Ubuntu, I could arrange to produce and casually distribute a lot of DVDs
    that looked like the real thing but were not. Consider all the people here
    who talk of handing out these LiveCDs to influence Window users to switch.
    Do you know where that DVD has been?

    > In that case even recompiling the code is not a perfect fix, because
    > the binary of the compiler might be infected to silently insert
    > backdoors into your apps as you compile them, including the compiler
    > itself when you recompile it from source. I think it was Kernighan
    > or perhaps Ritchie of C fame that first suggested this approach, and
    > I curse him for putting the evil thought in my head. >
    >
    > Seriously though, the risk of that sort of thing is vanishingly
    > small, and your risks are still much higher with closed source
    > code if only because non malicious bugs are more likely to
    > slip through. That whole many eyes thing you know...
    >

    How many are actually looking?


  4. Re: Microsoft Office blocks certain files as virus sources--why not add ?Linux next? Linux is virusware.


    wrote in message
    news:4ce255-bef.ln1@tux.glaci.com...
    > Rick wrote:
    >> They might, but it would be easily seen and fixed.
    >>> Further, since
    >>> Linux OS kernel is open-source, a hacker can disquise the virus to
    >>> become an integral part of the OS--and no virus checker (not that Linux
    >>> has any virus checkers, that's how primitive it is) can spot it.

    >>
    >> How would they propagate that virus laden kernel?

    >
    > Exactly. Just because you know how to hide an exploit in the
    > Linux kernel does not mean it will be accepted into the official
    > kernel tree. There is actually a rather rigorous peer review
    > and vetting of patches before they are accepted.
    >
    > In all my time on the Linux Kernel Mailing List, I've only seen
    > one example of what might have been an attempted maliceous patch.
    > It had a test condition using '=' instead of '==' to always
    > assign a value instead of just examining it, possible privilege
    > escalation being the result. It was rejected rather quickly.
    > I could easily imagine something like it slipping through in
    > a closed source environment where fewer people are reviewing the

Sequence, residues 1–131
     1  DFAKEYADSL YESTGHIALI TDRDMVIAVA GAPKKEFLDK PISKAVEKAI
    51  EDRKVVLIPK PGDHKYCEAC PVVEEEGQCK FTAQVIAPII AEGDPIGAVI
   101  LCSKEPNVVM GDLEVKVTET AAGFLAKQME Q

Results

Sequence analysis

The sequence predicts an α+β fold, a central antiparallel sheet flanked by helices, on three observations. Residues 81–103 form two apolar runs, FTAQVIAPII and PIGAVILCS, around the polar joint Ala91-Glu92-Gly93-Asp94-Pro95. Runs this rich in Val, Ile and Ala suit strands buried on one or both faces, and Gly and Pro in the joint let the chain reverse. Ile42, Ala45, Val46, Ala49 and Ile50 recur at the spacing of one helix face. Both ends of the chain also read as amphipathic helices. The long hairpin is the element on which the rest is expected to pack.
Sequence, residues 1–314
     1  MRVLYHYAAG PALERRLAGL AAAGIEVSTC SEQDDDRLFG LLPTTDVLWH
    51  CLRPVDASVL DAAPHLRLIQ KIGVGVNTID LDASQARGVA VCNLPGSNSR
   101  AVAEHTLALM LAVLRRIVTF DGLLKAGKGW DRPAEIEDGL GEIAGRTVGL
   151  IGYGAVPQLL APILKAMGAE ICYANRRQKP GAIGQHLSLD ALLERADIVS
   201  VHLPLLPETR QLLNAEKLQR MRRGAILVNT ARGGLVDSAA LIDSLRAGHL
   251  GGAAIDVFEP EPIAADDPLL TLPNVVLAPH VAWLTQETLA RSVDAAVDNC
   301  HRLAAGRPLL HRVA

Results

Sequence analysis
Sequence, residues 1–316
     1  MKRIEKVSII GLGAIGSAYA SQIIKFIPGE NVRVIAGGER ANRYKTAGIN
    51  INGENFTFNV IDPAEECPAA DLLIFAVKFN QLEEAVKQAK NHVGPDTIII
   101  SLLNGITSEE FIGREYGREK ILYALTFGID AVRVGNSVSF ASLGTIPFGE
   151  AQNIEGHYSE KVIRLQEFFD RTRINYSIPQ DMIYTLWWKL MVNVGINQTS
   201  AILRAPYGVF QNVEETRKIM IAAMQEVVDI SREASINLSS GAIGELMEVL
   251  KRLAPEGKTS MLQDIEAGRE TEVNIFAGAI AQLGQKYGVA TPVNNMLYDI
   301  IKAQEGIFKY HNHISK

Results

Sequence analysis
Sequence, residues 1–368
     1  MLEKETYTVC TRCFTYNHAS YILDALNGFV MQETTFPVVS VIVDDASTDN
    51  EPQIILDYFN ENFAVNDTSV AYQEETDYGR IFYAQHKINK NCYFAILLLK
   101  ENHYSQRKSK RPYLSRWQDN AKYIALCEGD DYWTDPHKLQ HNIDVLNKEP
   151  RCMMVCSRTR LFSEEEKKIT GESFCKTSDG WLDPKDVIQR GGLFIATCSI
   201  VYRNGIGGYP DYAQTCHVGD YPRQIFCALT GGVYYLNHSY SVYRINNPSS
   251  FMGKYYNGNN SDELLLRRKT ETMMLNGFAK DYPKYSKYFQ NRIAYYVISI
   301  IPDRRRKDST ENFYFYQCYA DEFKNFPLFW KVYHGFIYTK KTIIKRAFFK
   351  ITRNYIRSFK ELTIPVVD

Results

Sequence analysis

> code.
    >

    Well by now I am sure the answer is clear to you, but in case you haven't
    read the other posts, the exploit doesn't have to be in the kernel and the
    kernel or other file may not have come from Linus himself. It's just a boot
    CD/DVD, eh, that says its Ubuntu or something and it runs Linux just fine
    only it has a Trojan buried in there somewhere ready to wake up and smell
    the coffee.


  5. Re: Microsoft Office blocks certain files as virus sources--why not add ?Linux next? Linux is virusware.

    thad05@tux.glaci.delete-this.com wrote:

    > amicus_curious wrote:
    >>
    >> Nothing of any consequence, though. The real problem is that users do
    >> not
    >> apply available fixes and that isn't limited to Windows users. The Linux
    >> patch system is pretty clumsy and ineffective in reaching affected users.

    >
    > Eh? Apt and RPM based distros automatically get updates from their
    > repository systems and have for years. Unlike Windows Update, the
    > Linux system handles ALL the software, including third party software
    > accepted into the repository and vendor repositories added to the
    > source list. This is all handled automatically, seamlessly, with
    > all dependencies sorted out and never a reboot needed accept when
    > a kernel version changes.
    >
    > Furthermore, you can even do complete version upgrades this way. I
    > recently upgraded an Ubuntu 7.04 system to 7.10 remotely, over the
    > Internet, from more than 1000 miles away actually. It was as simple
    > as pointing the system at the new apt repository and issuing the
    > upgrade command (or just a mouse click if I had been at the console).
    >
    > What exactly is 'clumsy' or 'ineffective' about that?


    Nothing at all. It's just Bill Weisgerber doing his shill service for M$.

    --
    : It takes time, this. One slight error in any of my thirteen billion
    calculations and we'll be blasted to smithereens. Here we go, then: 10, 9,